WATKINS GLEN, NY -- April 20 -- In response to the Bush Administration's proposal to weaken the current ban on the slaughter of injured or "downed" cattle for human consumption, Farm Sanctuary, the nation's leading farm animal protection group, is calling upon the USDA to maintain its ban.
The issue of downed cattle vaulted to the forefront of American consciousness following the December 2003 discovery of mad cow disease in a downed cow slaughtered in Washington State. In response, then-secretary of the USDA, Ann Veneman, imposed a long-overdue ban on the slaughter of all downed cattle for human consumption-a ban the Bush Administration now hopes to water down.
"The Bush Administration's regressive proposal to allow the slaughter of some downed cattle presents a risk both for animals and for the American consumer," said Farm Sanctuary president Gene Bauston. "Not only does it mean increased suffering for untold numbers of injured cattle, but also it increases the chance that diseased meat may enter the human food supply."
According to Bauston, Agriculture Secretary Mike Johanns' current proposal to allow certain cattle -- those with broken limbs and those who are under 30 months old -- is misguided because it ignores the fact that there are many disease-driven reasons that a cow may fall and break her limbs -- including affliction with bovine spongiform encephalopathy (BSE), or mad cow disease.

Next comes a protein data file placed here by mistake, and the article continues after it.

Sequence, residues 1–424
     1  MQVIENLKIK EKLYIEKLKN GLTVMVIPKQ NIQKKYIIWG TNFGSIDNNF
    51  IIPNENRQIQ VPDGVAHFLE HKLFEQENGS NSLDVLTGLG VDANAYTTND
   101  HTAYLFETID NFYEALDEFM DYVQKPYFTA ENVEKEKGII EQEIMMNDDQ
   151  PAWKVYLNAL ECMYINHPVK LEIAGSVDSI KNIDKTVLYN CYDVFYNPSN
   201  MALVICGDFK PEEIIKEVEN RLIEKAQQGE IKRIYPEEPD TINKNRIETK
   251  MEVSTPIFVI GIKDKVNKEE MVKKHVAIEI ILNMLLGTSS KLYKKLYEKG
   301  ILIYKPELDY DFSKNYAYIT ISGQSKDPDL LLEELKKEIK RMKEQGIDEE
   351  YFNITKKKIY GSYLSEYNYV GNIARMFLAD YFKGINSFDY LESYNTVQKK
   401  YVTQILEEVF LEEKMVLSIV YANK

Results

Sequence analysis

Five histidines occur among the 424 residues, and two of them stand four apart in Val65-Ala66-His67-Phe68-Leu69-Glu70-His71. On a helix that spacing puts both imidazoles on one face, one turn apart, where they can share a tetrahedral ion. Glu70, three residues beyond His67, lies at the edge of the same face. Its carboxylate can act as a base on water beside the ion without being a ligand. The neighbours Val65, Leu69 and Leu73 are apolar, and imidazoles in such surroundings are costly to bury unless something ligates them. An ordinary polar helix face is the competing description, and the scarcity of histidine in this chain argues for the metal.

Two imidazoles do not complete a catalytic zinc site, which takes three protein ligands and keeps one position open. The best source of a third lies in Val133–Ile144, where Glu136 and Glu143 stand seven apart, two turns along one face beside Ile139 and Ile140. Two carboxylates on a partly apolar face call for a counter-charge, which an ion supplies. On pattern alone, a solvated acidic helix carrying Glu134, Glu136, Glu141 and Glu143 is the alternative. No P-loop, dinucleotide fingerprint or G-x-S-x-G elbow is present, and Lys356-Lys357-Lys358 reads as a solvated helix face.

"It is very, very difficult for a veterinarian to differentiate the many reasons a cow may be non-ambulatory," says Jim Reynolds, a bovine veterinarian with the University of California. "There are metabolic and infectious causes as well as trauma and fractures and accurate diagnosis is usually not possible at the farm."
The USDA itself has acknowledged the connection between downed cattle and mad cow disease. As part of a 2004 lawsuit settlement with Farm Sanctuary, the USDA acknowledged that "studies from Europe appear to show that non-ambulatory cattle, or 'downed' cattle, have a greater incidence of BSE than other cattle, and, moreover, that the clinical signs of BSE cannot always be observed in cattle."
In 2004, when the USDA requested public comments on the issue of downed cattle slaughter, the agency received 22,000 comments. Of these, ninety-nine percent supported an all-out ban on the slaughter of downed cattle.
"The Bush Administration's proposal to weaken the downer ban flies in the face of the overwhelming public sentiment that suffering, downed cattle should not be dragged to the slaughter house," said Bauston. "It's a betrayal of public trust, and it's a betrayal of our moral obligation to treat animals humanely."
About Farm Sanctuary
Farm Sanctuary is the nation's leading farm animal protection organization. Since incorporating in 1986, Farm Sanctuary has worked to expose and stop cruel practices of the "food animal" industry through research and investigations, legal and legislative actions, public awareness projects, youth education and direct rescue and refuge efforts. Farm Sanctuary shelters in Watkins Glen, N.Y. and Orland, Calif. provide lifelong care for hundreds of rescued animals, who have become ambassadors for farm animals everywhere by educating visitors about the realities of factory farming. Additional information can be found at http://www.farmsanctuary.org and http://www.factoryfarming.org.